How to move to NYC in three weeks and with a great deal of terror


Three months ago, I decided I should probably move. To Chicago.

Why moving? Because I work from home and I could. And because I only ever stayed in Atlanta for scholarship money and my mother’s illness and my own grief and a relationship that then ended. And because the longer I stayed there the more I could feel my sense of self blowing away in the gentle breeze. And I kept crying in therapy when I talked about the future.

I wasn’t in a good place, let’s say.

Why Chicago? It has improv. I have friends who live there. I like the Field Museum. Seemed like a good idea at the time.

So, it comes as something of a shock to find myself writing this from a currently internet-less but otherwise lovely one bedroom in Brooklyn.

It turns out it is in fact totally possible to go from “I should live in Chicago” to “oh shit I actually live in Brooklyn now” in about three weeks.

Step 1: During an all-hands meeting in New York, the physical location of your weird internet job that you’ve given up explaining to people, mention again to your boss that you’re moving to Chicago. Realize that he didn’t hear you the first time that you told him because he was also in the middle of moving and you maybe didn’t tell him so much as mention it on twitter. Boss points out that you could move to New York, where you actually work. Realize that work includes catered lunch.

Get really drunk with coworkers. Ask them if you should come live in New York. Choose to believe them when they say yes and then ask some really nosy questions about rent and online dating.

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Spring has sprung


Image courtesy of Dean Ward. Licensed under CC BY 2.0.

This unceasing shitshow of a winter is finally, finally over. Y’all, I knew going into this year that it was going to be the Worst, but my issues managed to dovetail quite nicely with a winter that just Would Not Quit. It was like the MRSA of weather, teasing us with the potential of spring every Saturday only to be cold and grey and miserable the rest of the week. And it went on like a freshman comp student who doesn’t understand that maximum page limits exist for a reason.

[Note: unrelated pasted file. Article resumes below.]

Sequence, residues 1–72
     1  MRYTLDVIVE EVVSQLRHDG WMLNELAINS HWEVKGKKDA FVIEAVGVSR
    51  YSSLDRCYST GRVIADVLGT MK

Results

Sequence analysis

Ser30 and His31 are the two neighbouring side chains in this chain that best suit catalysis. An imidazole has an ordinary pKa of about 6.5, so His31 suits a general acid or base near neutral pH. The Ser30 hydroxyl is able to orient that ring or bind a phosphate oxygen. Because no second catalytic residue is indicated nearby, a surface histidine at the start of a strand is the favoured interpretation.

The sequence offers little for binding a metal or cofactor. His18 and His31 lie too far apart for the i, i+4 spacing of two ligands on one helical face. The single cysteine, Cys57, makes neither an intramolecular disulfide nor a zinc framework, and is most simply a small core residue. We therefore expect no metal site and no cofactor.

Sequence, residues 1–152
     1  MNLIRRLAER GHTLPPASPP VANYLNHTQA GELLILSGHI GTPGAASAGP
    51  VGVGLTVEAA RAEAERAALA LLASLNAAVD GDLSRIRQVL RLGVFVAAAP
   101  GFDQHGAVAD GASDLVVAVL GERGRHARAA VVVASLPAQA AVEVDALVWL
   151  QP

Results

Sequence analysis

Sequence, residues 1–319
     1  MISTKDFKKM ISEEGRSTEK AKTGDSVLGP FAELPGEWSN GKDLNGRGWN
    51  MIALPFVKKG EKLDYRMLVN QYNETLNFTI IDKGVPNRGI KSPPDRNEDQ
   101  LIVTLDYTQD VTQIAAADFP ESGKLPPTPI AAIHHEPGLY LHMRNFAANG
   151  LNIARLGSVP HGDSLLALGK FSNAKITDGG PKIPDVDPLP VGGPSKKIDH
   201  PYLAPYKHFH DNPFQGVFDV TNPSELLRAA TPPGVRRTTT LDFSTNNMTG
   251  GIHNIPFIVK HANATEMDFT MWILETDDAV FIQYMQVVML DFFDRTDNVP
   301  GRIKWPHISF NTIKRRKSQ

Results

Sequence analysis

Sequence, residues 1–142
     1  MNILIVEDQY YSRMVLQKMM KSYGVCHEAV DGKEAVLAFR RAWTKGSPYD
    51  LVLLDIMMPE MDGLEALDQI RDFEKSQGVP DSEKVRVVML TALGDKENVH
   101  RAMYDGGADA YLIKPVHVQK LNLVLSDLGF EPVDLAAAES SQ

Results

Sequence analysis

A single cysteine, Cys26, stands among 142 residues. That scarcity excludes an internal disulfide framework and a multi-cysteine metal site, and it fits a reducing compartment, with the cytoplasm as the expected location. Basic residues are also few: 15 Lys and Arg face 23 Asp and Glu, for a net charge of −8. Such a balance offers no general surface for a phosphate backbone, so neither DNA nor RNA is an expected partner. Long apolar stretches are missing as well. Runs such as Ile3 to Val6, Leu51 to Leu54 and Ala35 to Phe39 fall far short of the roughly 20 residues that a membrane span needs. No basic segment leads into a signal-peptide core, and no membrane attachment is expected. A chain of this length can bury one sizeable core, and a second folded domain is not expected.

Spring has sprung, and my fellow residents of the Ent city are ecstatic. Piedmont Park is full of families with lawn chairs and picnic baskets, Grant Park has bikers on their way to the farmer’s market, everyone’s patios are finally opened and I can only imagine that no one in Cabbagetown will leave their porches for the next three months. Driving through Midtown today, I saw two cute young dudes (one in a belly shirt and skinny jeans, the other sporting a v-neck and shorts) recognize each other from across the street—one ran and no-shit leapt into the others arms, and he carried the dude into Blake’s.

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Cats, Vampires, and Occupation

So it turns out that my readership is apparently attuned to my moods. Within a few hours of posting Movement Boredom, I had

  • Encouragement from my grandmother to go hem some curtains.
  • An offer from my mother to amuse myself at the house.
  • A friend offering to bring over board games. Which, impressive. (One was French Revolution themed! The other involved the Italian perception of the Wild West and was correspondingly insane!